SANFORD, Fla. (AP) — A friend of Trayvon Martin‘s who was on the phone with him shortly before his fatal fight with George Zimmerman testified Thursday that she thought the encounter was racially charged.
Rachel Jeantel testified for the second day in a row, saying she thought race was an issue because Martin told her he was being followed by a white man.
“He was being followed,” Jeantel said.
Her answer came in response to questioning from defense attorney Don West about why she had given differing accounts about what she had heard over the phone when Martin first encountered Zimmerman on a rainy night on Feb. 26, 2012, at the Retreat at Twin Lakes townhome complex.
West suggested in his cross-examination that 19-year-old Jeantel had raised the racial issue in some accounts but not others. In some accounts, West implied, Jeantel said Zimmerman responded one way when he first encountered Martin, but in other accounts she said he responded another way. Jeantel gave her version of events in a deposition, in a letter to Martin’s mother and in a recorded interview with an attorney for the Martin family.
Jeantel is one of the prosecution’s most important witnesses because she bolsters the contention that Zimmerman was the aggressor. She was on the phone with Martin moments before he was fatally shot.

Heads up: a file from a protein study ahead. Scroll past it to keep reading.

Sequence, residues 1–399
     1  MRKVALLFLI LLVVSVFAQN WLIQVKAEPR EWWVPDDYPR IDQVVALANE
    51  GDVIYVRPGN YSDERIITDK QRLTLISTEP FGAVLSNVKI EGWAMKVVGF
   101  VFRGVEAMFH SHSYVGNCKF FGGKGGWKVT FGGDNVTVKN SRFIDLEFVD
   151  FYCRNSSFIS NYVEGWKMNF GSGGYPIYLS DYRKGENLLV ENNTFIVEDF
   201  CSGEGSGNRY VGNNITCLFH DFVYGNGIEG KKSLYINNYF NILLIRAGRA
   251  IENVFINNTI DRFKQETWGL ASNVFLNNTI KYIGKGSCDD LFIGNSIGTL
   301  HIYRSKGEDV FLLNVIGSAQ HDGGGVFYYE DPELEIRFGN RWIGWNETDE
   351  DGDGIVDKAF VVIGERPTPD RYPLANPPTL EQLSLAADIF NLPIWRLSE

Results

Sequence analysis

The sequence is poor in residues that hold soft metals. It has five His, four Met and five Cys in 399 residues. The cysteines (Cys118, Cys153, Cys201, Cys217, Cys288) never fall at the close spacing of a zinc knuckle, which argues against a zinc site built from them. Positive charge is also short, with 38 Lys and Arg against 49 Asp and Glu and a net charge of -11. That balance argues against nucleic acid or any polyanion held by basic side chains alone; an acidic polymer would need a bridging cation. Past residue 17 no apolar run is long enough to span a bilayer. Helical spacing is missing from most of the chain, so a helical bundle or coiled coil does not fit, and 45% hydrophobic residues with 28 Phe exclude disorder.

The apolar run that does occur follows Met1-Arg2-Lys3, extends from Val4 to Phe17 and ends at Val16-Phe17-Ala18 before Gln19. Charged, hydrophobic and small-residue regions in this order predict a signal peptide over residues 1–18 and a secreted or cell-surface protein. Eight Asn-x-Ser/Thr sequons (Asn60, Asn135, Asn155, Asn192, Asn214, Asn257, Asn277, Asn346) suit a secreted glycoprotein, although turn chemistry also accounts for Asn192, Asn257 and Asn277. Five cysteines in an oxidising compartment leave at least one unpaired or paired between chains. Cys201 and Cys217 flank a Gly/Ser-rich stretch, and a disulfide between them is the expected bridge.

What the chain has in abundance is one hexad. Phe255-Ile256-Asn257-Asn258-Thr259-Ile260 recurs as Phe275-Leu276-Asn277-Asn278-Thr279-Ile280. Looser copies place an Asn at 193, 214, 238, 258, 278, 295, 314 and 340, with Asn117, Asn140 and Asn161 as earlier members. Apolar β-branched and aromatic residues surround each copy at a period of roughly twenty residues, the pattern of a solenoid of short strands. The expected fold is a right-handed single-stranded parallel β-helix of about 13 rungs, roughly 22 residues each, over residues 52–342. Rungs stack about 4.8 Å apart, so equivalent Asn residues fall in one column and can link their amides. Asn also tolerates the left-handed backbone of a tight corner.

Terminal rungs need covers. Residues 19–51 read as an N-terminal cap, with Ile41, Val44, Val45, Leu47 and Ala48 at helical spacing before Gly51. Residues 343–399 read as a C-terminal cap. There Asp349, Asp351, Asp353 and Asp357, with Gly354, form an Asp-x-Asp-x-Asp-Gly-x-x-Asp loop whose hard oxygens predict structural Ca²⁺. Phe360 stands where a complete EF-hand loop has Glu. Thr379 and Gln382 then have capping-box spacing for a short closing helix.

Jeantel testified Wednesday that her friend’s last words were “Get off! Get off!” before the phone went silent. But on Thursday, under cross-examination, she conceded that she hadn’t mentioned that in her account of what happened to Martin’s mother, Sybrina Fulton.
She had left out some details to spare Fulton’s feelings, and also because neither Fulton nor the Martin family attorney asked her directly about them, Jeantel said. At one point, West handed her a letter she had written with the help of a friend to Martin’s mother explaining what happened. She looked at it but then said she couldn’t read cursive handwriting.
When asked by West if she had previously told investigators that she heard what sounded like somebody being hit at the end of her call with Martin, Jeantel said, “Trayvon got hit.”
“You don’t know that? Do you? You don’t know that Trayvon got hit,” West answered angrily. “You don’t know that Trayvon didn’t at that moment take his fists and drive them into George Zimmerman’s face.”
Jeantel recounted to jurors on Wednesday how Martin told her he was being followed by a man as he walked through the Retreat at Twin Lakes townhome complex on his way back from a convenience store to the home of his father’s fiancee.
She testified that Martin described the man following him as “a creepy-ass cracker” and that he thought he had evaded him. But she said Martin told her a short time later the man was still behind him, and she told him to run.